U.S. senator seeks to bar EVs from tax credits not meeting sourcing rules

Tesla electric vehicles are shown at a sales and service center in Vista, California, U.S., June 3, 2022. REUTERS/Mike Blake

WASHINGTON (Reuters) -U.S. Senate Energy and Natural Resources Committee chair Joe Manchin on Wednesday introduced legislation that would immediately impose battery sourcing requirements on electric vehicles to qualify for $7,500 tax credits.

The U.S. Treasury in December said it would not issue proposed guidance on battery sourcing rules until March, giving some electric vehicles not meeting new requirements a brief window of eligibility in 2023 before the battery rules take effect. Manchin's legislation would make all of the battery requirements for tax credits retroactive to Jan. 1.

The $430 billion U.S. Inflation Reduction Act passed in August restricts the $7,500 consumer tax credits to North American-made EVs, but the Treasury in December said consumers leasing vehicles assembled outside North America could benefit from the $7,500 commercial green vehicle tax credit

General Motors told consumers that its Chevrolet Bolt EV is eligible for $7,500 in tax credits but noted the "credit amount is subject to change."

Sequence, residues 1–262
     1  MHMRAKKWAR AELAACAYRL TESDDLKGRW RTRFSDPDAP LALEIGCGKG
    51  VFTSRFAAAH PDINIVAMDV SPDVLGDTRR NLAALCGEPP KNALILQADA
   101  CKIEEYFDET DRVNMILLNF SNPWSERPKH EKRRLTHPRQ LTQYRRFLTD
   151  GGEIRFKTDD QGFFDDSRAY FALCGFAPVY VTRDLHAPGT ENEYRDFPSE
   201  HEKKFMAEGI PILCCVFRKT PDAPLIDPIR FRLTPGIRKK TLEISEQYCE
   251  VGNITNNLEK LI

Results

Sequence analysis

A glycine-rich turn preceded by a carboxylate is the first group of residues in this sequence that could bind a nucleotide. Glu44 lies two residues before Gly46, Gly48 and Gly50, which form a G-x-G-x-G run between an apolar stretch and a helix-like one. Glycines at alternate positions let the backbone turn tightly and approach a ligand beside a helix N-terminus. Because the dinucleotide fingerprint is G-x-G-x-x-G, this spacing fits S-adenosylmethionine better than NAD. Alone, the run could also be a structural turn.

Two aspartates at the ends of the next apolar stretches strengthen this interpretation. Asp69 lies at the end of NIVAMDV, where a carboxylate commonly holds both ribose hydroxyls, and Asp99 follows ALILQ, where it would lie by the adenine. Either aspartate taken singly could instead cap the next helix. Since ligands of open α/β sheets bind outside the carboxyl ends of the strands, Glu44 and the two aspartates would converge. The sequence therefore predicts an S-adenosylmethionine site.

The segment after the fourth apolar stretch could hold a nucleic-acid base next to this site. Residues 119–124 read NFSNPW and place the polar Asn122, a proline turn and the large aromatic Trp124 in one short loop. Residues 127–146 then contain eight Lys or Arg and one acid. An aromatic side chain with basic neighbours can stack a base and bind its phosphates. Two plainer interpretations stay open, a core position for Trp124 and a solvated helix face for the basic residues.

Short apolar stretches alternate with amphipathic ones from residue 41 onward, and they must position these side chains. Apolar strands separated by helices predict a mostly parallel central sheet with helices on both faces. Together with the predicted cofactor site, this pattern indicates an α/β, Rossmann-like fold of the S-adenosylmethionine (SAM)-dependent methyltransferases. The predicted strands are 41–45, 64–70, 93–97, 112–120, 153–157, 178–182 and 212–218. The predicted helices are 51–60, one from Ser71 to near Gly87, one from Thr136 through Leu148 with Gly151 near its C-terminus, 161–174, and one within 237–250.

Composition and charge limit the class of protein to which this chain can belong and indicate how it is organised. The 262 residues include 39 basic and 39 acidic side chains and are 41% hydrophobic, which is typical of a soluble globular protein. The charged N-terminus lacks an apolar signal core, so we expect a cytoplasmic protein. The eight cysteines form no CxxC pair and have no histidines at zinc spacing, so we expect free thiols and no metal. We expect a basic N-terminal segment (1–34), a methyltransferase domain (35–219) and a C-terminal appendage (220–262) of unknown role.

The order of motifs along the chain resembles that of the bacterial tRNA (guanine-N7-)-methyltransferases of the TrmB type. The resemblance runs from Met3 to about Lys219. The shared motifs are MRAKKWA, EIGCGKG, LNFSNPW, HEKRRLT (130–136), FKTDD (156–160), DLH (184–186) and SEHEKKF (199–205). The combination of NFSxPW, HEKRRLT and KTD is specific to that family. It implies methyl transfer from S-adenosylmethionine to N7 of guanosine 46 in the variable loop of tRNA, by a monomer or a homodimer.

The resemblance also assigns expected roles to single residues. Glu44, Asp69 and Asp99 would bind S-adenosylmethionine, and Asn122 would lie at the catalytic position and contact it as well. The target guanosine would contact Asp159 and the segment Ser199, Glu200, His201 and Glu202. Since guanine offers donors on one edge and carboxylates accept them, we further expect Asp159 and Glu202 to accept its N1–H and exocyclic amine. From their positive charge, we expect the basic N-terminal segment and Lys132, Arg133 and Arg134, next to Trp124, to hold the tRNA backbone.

Manchin criticized the Treasury for failing to issue battery guidance by Jan. 1 and said it "continues to make the full $7,500 credits available without meeting all of the clear requirements."

The Treasury did not immediately comment.

Manchin said the Treasury "created an opportunity to circumvent stringent supply chain requirements. ... The EV tax credits were designed to grow domestic manufacturing and reduce our reliance on foreign supply chains for the critical minerals needed to produce EV batteries."

Last week, major union and public interest and environmental groups urged President Joe Biden to reject efforts by the European Union and other foreign governments to revise U.S. electric vehicle tax incentives.

Earlier this month, GM said it wants the Treasury to reconsider classification of GM's electric Cadillac Lyriq to allow it to qualify for federal tax credits.

Tesla this month cut prices of some of its models, making more eligible for tax credits. Both Tesla and GM lost $7,500 tax credits after they hit 200,000 EVs sold but again became eligible this month.

(Reporting by David Shepardson;; editing by Jonathan Oatis)

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